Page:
On Tuesday evening, Megyn Kelly said goodbye to The Kelly File, Fox News, and her viewers, in a short, mostly ceremonial segment at the end of her eponymous show. Her last episode will be Friday, before departing to NBC News.
“After more than a dozen years at Fox News, I have decided to pursue a new challenge,” she said, thanking her staff, crew, and colleagues. “I’ll be leaving Fox News at the week’s end and starting a new adventure, joining the journalists at NBC News who I deeply admire. I’ll be anchoring a daytime show there along with a Sunday evening news magazine, and you’ll see me there on the big nights too, for politics and such.”
“I’ve grown up here, and have been given every chance a young reporter could ever ask for. The Murdoch family has been kind and good to me at every turn and my colleagues are like a second family to me. So I will miss them and this show and you and I hope our human connection continues, albeit over a different line.” It was a very polite and cordial goodbye to a network known for its combativeness.
Kelly’s decision to leave the network was first reported on Tuesday by the New York Times, and then made official in a statement from NBCUniversal news chief Andrew Lack which called her “an exceptional journalist and news anchor, who has had an extraordinary career.”
For the past several months, what Kelly would decide to do after her contract expired at the end of summer 2017 remained up in the air—her contract had ended in the wake of Roger Ailes’ sexual harassment scandal, in which Kelly was solidly embroiled, a public feud with candidate-turned-President-elect Donald Trump, and the publication of her book, Settle for More. Vanity Fair reports that in early fall, it seemed that no other networks were trying to compete with Fox News’ offer of $20 million, but after Trump’s election, that changed.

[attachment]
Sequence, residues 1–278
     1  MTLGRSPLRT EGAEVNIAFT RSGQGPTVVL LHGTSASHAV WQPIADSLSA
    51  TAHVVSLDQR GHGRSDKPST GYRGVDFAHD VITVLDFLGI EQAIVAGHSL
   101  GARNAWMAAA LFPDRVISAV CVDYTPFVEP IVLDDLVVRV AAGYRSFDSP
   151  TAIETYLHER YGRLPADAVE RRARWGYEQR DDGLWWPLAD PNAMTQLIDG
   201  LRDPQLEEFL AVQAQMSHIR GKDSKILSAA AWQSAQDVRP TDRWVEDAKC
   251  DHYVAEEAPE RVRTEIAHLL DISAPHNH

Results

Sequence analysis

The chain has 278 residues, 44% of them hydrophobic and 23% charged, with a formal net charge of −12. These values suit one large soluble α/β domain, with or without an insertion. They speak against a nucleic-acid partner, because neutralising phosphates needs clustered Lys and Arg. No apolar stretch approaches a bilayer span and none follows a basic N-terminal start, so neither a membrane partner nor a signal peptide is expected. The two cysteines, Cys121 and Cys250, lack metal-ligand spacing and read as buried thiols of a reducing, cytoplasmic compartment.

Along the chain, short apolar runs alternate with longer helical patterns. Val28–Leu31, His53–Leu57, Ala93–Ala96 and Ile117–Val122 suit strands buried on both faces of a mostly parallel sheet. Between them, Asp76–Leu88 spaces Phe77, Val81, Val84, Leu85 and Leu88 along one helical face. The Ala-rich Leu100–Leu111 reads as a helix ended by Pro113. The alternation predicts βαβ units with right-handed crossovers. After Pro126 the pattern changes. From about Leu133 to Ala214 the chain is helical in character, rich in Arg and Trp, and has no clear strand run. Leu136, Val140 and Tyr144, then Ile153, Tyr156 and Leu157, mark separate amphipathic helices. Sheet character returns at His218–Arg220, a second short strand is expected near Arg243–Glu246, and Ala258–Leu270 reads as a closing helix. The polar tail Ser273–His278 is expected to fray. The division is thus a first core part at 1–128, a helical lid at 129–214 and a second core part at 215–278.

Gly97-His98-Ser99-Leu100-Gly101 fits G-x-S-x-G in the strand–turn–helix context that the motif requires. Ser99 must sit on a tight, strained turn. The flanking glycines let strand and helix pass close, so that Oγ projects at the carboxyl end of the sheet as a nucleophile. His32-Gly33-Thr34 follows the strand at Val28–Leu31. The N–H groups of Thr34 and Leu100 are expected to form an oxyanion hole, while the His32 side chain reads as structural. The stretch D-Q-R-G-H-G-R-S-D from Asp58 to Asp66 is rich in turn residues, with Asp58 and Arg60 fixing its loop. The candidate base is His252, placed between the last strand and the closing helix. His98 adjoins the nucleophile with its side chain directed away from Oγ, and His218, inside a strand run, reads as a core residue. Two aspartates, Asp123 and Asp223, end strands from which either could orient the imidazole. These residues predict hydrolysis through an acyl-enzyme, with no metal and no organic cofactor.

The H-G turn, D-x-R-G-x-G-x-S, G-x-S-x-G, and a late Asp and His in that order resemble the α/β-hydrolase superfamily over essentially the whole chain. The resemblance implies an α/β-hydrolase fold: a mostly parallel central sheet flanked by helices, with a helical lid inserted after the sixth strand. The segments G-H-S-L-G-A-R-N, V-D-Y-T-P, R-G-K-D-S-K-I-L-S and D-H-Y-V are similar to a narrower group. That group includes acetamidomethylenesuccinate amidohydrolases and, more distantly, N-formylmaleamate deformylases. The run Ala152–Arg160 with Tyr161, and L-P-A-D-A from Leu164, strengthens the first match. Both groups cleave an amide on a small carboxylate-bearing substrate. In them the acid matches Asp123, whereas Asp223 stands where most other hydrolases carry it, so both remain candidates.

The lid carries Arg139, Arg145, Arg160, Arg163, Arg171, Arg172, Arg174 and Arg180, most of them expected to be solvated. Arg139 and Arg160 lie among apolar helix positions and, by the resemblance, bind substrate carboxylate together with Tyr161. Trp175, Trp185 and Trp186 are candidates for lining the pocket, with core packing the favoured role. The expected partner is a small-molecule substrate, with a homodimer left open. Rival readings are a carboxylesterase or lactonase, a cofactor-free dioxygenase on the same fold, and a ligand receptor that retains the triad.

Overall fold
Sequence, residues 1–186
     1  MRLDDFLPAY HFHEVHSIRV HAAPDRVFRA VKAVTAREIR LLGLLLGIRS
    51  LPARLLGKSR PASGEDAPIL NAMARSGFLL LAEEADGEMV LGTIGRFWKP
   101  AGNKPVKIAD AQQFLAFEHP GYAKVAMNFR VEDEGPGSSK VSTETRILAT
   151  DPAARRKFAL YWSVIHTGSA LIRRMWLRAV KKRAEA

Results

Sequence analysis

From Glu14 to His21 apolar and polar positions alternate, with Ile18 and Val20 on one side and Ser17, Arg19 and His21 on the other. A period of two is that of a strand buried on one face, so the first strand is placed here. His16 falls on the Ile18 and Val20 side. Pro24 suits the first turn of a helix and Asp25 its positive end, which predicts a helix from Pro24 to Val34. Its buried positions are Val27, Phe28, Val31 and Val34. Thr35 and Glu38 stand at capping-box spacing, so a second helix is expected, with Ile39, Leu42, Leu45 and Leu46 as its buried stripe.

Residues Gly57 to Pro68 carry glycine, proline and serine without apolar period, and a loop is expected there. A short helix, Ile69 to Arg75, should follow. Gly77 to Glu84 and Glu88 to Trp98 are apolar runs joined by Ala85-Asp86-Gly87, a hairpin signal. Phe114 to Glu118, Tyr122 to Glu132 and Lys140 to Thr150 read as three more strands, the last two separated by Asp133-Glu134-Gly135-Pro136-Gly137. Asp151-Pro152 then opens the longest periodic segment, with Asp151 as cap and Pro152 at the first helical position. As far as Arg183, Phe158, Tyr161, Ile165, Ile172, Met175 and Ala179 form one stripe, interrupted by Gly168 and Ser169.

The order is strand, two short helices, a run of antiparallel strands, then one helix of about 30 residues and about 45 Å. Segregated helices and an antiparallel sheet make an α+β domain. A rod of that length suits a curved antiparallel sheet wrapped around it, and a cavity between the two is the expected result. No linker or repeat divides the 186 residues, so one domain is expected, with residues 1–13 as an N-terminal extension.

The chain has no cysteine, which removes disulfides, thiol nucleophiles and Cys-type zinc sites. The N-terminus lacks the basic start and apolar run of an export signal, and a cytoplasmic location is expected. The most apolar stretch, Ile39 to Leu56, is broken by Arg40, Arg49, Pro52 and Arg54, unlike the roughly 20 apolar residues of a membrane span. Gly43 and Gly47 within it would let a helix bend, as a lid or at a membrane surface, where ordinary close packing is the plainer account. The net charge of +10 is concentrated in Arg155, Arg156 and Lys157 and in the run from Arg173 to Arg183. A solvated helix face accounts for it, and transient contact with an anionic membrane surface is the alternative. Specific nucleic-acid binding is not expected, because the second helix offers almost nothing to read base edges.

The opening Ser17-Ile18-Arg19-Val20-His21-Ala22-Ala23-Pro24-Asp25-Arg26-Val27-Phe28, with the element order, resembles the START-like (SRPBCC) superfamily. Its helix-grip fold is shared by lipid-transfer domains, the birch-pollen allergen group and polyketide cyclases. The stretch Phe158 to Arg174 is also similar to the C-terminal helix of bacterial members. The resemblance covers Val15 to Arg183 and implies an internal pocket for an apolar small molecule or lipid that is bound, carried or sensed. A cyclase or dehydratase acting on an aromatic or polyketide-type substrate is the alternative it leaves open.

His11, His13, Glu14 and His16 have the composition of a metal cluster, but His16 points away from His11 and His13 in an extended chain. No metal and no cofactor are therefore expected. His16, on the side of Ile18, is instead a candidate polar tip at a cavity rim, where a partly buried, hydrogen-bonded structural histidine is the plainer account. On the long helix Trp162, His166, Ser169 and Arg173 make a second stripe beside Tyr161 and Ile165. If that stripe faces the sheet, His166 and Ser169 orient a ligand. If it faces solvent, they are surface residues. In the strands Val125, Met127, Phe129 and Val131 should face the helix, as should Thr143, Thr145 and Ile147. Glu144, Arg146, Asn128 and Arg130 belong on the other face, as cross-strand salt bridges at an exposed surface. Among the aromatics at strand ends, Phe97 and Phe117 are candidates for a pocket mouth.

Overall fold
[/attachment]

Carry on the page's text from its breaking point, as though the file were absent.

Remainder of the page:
From Vanity Fair’s Sarah Ellison:
The culture of white men that the Murdochs were eschewing appeared to be resurgent within Fox News, with Sean Hannity emerging as a veritable Trump whisperer and O’Reilly newly emboldened. All of a sudden, Kelly seemed to be testing the waters as never before. One signal of her openness, a person close to Kelly told me, was that money, which once seemed insurmountable, would now be less of an issue. Kelly, it seemed, was ready to explore life outside the Fox News bunker.
The reports that Kelly wasn’t getting along with the rest of the Fox News team were confirmed by Gabriel Sherman at New York magazine:
Her relationships with Bill O’Reilly and Sean Hannity in particular had completely broken down, one Fox host told me. “Bill hated her,” the host said. As Kelly’s contract negotiations dragged on during her much-publicized book tour, things also grew strained with Rupert Murdoch, two sources said. One Fox insider told me Murdoch balked when Kelly asked for $25 million late in the talks. (A person close to Kelly disputed this, saying that said Kelly never asked for a specific dollar amount but that Fox had offered $25 million.)
One source told Vanity Fair that Kelly ultimately decided to go to NBC because the network allowed her editorial freedom: “Everyone else came to her with an idea of what they wanted,” the source said. “NBC really wanted to hear what she wanted to do, and then they delivered it.”
The network has tried a similar Sunday evening show—Rock Center with Brian Williams—that aired for just over a year before it was canceled due to low ratings. But Kelly could a completely new audience to her broadcast, one potentially in search of conservative moralizing and casual racism.